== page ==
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The Value of Multistage Search Systems for Book Search

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Presentation of joint work at the Interactive Social Book Search Lab at the CLEF 2015 conference (Toulouse, France)

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The Value of Multistage Search Systems for Book Search

  1. 1. Hugo Huurdeman, Jaap Kamps, ! Marijn Koolen and Sanna Kumpulainen! ! University of Amsterdam ! ! ! Social Book Search Workshop, CLEF conference 2015 The Value of Multistage 
 Search Systems for Book Search
  2. 2. 1. Introduction • Interactive Social Book Search track! ! • Amazon / LibraryThing book data ! • focused and open search tasks! • baseline and multistage interfaces! ! • social-book-search.humanities.uva.nl/#/interactive ! • Joint study 2015 iteration: [Gaede-etAl15]: ! • 192 participants! • 97 in baseline interface, 95 in multistage interface
  3. 3. 1. Introduction: baseline interface • ‘standard’ search interface ! • single screen • query box • results list • left column: facet filters • right column: ‘book bag’ for book selections Baseline interface
  4. 4. • The multistage interface contains three screens ! • Aim: support different stages in the search process: browse, search & review ! • Inspired by various models of the information seeking process [Vakkari01,Kuhlthau03] Multistage interface: search Multistage interface: browse Multistage interface: review 1. Introduction: multistage
  5. 5. 2. Our Participation • What is the value of a multistage interface for book search?! ! 1. influence on task duration, book selection and interaction patterns 2. influence on user engagement
  6. 6. 2.1 Task duration • How much time was spent in each task and interface? ! • Participants spend more time in the focused task than the open task ! • Participants spend significantly more time in the multistage interface, regardless of the task time spent (seconds)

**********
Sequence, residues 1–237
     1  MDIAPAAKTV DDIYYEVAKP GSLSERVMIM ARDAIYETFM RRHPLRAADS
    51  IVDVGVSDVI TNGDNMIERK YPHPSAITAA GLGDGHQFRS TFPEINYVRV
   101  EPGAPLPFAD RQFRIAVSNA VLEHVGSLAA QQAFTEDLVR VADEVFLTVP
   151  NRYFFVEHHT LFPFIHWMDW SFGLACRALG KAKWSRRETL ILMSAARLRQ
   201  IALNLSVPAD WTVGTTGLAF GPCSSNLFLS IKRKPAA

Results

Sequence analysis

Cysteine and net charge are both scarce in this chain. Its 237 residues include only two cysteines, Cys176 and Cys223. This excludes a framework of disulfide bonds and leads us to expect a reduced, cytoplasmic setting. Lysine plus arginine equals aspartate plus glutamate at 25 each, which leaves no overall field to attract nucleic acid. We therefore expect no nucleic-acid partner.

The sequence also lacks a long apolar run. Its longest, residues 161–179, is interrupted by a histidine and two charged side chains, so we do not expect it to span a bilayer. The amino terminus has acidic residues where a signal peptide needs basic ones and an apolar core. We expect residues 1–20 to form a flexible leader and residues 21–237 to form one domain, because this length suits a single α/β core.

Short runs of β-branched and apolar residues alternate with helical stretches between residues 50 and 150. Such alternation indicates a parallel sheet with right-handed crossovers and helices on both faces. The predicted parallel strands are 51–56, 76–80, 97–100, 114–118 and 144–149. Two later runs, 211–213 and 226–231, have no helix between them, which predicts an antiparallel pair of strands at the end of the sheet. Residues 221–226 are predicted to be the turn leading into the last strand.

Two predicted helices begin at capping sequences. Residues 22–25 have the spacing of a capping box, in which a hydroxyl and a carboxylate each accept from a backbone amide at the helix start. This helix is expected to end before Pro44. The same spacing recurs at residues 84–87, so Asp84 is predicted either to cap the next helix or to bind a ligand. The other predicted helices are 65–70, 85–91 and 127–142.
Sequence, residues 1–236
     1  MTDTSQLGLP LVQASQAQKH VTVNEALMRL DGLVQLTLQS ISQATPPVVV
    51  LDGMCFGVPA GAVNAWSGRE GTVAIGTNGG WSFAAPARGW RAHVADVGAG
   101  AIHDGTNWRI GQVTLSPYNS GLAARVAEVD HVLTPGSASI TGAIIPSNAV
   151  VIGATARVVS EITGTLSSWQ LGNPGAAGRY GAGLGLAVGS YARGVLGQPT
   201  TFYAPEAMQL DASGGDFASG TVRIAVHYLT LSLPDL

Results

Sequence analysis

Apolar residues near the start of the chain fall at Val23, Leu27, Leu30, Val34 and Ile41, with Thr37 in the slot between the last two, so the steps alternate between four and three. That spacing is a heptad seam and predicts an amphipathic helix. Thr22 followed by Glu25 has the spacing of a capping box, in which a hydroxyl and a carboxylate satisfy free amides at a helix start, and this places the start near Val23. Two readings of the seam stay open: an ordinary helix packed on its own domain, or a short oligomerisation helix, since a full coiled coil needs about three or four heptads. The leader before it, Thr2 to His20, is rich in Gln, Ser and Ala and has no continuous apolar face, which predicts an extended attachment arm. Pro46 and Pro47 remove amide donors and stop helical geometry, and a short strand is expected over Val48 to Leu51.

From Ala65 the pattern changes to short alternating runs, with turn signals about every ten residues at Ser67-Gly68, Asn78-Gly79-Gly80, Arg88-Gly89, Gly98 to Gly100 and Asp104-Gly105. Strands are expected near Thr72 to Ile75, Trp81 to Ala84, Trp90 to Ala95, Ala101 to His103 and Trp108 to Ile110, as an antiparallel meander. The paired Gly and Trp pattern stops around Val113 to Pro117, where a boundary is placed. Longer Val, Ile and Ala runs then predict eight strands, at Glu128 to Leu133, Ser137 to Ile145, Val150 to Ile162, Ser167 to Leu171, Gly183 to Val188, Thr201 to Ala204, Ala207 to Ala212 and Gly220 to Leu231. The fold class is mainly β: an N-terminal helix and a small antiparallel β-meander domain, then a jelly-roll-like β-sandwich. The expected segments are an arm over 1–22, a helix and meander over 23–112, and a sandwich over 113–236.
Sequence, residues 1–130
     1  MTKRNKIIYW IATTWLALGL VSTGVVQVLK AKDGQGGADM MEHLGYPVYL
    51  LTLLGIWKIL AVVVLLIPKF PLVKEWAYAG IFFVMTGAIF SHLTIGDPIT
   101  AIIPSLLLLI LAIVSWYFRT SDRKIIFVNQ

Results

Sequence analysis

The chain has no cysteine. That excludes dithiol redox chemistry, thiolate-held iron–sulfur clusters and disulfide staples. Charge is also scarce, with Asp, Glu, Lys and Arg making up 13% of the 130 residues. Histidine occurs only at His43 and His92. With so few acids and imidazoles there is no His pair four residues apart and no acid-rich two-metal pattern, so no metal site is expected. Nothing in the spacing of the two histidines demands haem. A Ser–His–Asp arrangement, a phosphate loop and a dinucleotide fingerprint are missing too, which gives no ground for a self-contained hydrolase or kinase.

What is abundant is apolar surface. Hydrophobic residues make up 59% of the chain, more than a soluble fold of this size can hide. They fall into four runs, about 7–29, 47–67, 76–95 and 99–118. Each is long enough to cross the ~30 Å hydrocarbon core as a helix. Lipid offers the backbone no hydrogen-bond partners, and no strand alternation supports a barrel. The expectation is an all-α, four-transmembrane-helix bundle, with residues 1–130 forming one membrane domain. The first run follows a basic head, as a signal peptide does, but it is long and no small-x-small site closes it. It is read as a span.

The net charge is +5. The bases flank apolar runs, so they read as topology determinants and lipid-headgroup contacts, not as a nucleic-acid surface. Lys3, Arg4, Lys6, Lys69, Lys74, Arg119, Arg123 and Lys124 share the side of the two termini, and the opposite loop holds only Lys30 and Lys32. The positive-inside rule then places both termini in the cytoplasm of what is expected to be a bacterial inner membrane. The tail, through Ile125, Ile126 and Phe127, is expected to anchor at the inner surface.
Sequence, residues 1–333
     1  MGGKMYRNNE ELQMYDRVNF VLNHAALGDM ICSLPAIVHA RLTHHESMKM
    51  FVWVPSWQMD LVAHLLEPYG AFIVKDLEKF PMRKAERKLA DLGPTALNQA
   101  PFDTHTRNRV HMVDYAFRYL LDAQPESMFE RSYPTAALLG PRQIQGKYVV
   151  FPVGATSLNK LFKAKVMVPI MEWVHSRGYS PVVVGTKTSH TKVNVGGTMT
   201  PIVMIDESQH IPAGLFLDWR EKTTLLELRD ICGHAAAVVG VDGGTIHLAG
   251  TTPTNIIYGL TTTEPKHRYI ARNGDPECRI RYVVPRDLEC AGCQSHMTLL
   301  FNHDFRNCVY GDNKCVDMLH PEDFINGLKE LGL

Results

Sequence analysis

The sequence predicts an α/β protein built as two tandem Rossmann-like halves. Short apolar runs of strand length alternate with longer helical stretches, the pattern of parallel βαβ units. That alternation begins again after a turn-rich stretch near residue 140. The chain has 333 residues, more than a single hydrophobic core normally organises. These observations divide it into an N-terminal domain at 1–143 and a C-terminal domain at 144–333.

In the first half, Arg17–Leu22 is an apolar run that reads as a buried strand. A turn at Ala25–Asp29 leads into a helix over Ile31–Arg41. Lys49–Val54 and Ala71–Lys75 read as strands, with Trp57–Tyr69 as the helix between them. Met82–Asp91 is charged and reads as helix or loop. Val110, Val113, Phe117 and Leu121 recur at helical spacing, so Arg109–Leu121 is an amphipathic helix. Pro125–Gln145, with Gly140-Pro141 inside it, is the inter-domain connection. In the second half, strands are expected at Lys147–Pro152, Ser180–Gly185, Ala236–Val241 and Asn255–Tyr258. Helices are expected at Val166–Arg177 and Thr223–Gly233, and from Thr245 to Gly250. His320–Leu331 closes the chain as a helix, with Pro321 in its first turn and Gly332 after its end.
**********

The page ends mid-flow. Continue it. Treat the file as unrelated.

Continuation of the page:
7. 7. 2.2 Bookbag: overview • How many books were selected per task and interface? ! • More books in focused task than open task (significant) ! • Slightly more books were selected in the multistage interface, as compared to the baseline (not significant) number of selected books
  8. 8. 2.2 Bookbag: overlap between the tasks • Only 9 participants have overlap in the book bags for the two tasks 
 (7 out of 9 just one book..) • User may interpret some sub- tasks of the focused task in a similar way as the open task (e.g. hobbies/personal interests or fun). What is the overlap in collected books between the tasks? ! ! ! !
  9. 9. 2.2 Bookbag: overlap between participants • What degree of selected books is the same across participants? ! ! ! ! ! !
  10. 10. 2.2 Bookbag: overlap between participants • What degree of selected books is the same across participants? ! • More overlap in baseline (BL) • Evidence for more varied selections in the multistage interface (MS) 0 0.06 0.12 0.18 0.24 Open task Focused task 14% 7% 23% 7% MSBL MSBL
  11. 11. 2.3 User actions • Paginate used more in multistage • deeper exploration ! ! ! ! ! ! ! ! ! ! ! mean frequencies of actions
  12. 12. 2.3 User actions • Paginate used more in multistage • deeper exploration ! • Few filters and queries in multistage • more options to explore and review results ! ! ! ! ! mean frequencies of actions
  13. 13. 2.3 User actions • Paginate used more in multistage • deeper exploration ! • Few filters and queries in multistage • more options to explore and review results ! • Less/more book metadata views: • triggered to view more in open task? mean frequencies of actions